8. #18
    Junior Member
    Join Date
    Oct 2014
    Location
    South West Montana
    Posts
    7
    Thanks
    0
    Thanked 20 Times in 5 Posts
    Congratulations
    0
    Congratulated 0 Times in 0 Posts
    It really doesn't matter what range you site your rifle in with a bdc reticle 100 or 200 even 300 yards

    What does matter is that you take the time to go out and shoot at the distances you plan on using the reticle with your zero set at your preferred distance and log the info into a data book or reference chart that you can use when you go to the field.

    If you hunt in very similar conditions as you practice these type of reticles can be effective, however if you plan on sighting in at sea level and then traveling to Montana to hunt you will not be pleased with the results. Dramatic changes in environmental standards are going to play havoc with any generic drop reticle because one shoe does not fit all...

    Jordan@406

  9. #19
    Senior Member
    Join Date
    May 2012
    Location
    North Carolina
    Posts
    505
    Thanks
    34
    Thanked 104 Times in 63 Posts
    Congratulations
    2
    Congratulated 0 Times in 0 Posts
    Back East it's hard to find ranges with long distances. I sight in my .270 to be 3 inches high at 100 yards, which for my ammo is 0 at 250. Then I check it again at a range out West to make sure it's still on.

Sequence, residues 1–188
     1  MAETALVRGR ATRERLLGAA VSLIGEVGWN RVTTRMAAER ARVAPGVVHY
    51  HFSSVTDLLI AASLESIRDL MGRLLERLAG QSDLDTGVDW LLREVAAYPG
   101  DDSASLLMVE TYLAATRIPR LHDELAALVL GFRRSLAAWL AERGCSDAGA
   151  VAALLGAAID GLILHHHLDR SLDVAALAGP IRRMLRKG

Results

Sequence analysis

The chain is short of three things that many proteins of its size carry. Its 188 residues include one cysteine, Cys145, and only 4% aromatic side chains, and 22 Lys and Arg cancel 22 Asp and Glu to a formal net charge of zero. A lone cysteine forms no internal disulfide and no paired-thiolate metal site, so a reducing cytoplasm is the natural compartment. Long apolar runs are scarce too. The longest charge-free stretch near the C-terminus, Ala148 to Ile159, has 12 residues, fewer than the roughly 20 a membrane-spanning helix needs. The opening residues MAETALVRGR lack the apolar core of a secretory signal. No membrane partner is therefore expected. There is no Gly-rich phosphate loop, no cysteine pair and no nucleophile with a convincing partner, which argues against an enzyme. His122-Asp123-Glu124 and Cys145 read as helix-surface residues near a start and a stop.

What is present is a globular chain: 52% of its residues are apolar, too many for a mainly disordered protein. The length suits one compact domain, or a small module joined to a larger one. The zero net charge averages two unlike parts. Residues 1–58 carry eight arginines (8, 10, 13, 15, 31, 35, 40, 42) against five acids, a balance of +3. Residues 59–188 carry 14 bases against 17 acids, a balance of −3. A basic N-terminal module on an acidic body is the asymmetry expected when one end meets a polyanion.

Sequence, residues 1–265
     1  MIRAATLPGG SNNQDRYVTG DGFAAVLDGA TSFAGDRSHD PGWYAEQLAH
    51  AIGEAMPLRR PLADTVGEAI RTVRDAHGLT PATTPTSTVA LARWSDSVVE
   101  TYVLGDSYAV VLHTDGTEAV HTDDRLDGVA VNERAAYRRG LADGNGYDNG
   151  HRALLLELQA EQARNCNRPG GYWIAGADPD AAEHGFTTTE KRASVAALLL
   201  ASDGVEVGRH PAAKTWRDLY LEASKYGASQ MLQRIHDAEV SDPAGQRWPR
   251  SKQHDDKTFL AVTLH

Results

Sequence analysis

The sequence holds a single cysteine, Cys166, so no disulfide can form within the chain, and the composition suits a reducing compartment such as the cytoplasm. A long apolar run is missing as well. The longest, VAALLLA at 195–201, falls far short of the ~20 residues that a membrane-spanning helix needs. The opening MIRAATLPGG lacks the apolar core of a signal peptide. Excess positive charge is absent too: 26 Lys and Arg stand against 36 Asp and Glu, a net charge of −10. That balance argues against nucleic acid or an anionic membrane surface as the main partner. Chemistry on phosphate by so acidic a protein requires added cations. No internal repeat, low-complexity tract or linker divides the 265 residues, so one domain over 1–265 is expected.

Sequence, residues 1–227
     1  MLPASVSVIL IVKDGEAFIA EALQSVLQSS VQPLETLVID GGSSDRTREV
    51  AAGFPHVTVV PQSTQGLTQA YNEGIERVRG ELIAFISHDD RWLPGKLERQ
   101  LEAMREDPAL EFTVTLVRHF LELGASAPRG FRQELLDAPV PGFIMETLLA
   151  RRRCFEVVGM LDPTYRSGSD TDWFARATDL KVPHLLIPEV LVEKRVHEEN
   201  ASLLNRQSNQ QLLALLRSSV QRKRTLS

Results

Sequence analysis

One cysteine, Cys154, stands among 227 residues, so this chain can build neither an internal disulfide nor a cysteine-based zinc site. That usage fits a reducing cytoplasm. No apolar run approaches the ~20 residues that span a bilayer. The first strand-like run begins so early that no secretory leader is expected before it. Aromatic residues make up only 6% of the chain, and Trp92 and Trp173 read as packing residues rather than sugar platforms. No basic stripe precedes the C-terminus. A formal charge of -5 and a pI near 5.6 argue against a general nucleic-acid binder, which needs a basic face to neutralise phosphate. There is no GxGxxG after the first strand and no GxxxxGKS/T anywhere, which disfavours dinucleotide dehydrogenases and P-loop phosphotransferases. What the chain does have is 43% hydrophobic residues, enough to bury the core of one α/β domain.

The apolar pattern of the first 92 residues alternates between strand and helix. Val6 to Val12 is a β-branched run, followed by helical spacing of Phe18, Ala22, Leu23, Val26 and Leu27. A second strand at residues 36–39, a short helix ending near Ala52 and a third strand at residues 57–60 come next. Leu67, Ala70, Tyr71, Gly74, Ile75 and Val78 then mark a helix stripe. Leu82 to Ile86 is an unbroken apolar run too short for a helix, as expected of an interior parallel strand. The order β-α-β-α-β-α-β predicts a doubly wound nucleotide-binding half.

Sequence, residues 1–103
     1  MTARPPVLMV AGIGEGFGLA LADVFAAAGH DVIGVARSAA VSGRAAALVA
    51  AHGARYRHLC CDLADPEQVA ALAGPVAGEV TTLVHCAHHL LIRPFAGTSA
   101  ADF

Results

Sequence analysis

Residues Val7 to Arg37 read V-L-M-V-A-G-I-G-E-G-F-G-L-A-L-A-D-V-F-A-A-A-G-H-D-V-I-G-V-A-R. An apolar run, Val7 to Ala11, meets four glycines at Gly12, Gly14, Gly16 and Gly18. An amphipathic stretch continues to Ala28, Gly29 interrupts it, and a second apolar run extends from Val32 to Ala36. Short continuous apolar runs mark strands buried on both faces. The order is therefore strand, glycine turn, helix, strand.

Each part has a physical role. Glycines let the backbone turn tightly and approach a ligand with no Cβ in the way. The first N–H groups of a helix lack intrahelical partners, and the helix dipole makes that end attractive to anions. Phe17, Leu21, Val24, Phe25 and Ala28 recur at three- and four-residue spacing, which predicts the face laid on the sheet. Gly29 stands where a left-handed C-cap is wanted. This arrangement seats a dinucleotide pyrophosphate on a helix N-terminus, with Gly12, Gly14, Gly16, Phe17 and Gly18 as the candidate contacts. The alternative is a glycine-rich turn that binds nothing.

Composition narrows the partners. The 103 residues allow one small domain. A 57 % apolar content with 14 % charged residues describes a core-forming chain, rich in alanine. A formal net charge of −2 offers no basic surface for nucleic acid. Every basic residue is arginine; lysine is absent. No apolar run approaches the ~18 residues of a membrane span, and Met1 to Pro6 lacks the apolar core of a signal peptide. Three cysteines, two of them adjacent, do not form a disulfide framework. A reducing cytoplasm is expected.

I don't shoot over 400 so I really only have to think about wind drift and holding just over his back at 400. But actually, I'd much rather not to have to shoot that far. I'm prouder of a closer stalk than I am a long shot and I keep my odds of wounding very low.

  10. #20
    Senior Member
    Join Date
    Jan 2012
    Location
    "I've been to a town Del."
    Posts
    234
    Thanks
    20
    Thanked 57 Times in 34 Posts
    Congratulations
    20
    Congratulated 17 Times in 3 Posts
    Good Morning Gentlemen,

    I have used the drop compensated reticles for seven years now and love them. Mine are all Leupolds and I follow their recommendations in the manual. My 257 Weatherby is sighted in dead on at three-hundred yards and the corresponding "crosshairs" in the Varmint Hunter reticle go out to 700 in theory. I've busted 1/2 gallon & gallon milk jugs out to those ranges with each crosshair. I like to do my killing much much closer though. I've never had a bullet go anywhere but where it was supposed to with this rifle set up this way. My 338-378, 7mm RUM, and wife's 270 win are all set up with a drop compensated reticle (either the VH or B&C from Leupold) they all put bullets where they are supposed to at the advertised ranges. I live, shoot, and hunt in Wyoming so my rifles are tuned for the atmospheric conditions in which they are used. When I do go back "East" to hunt in Michigan with family I take my M700 Titanium in .308 Win with a good old 1.5" high at 100 yds zero. I usually kill my bucks from a treestand or elevated position at around fifty paces. So, to answer the question... 200 or 300 yard "zero" for "out west" is what you want. Follow the directions in your manual and you will not be disappointed. Shoot your gun when you get to your destination to be certain and you should be golden!

 

 

Posting Permissions

  • You may not post new threads
  • You may not post replies
  • You may not post attachments
  • You may not edit your posts
  •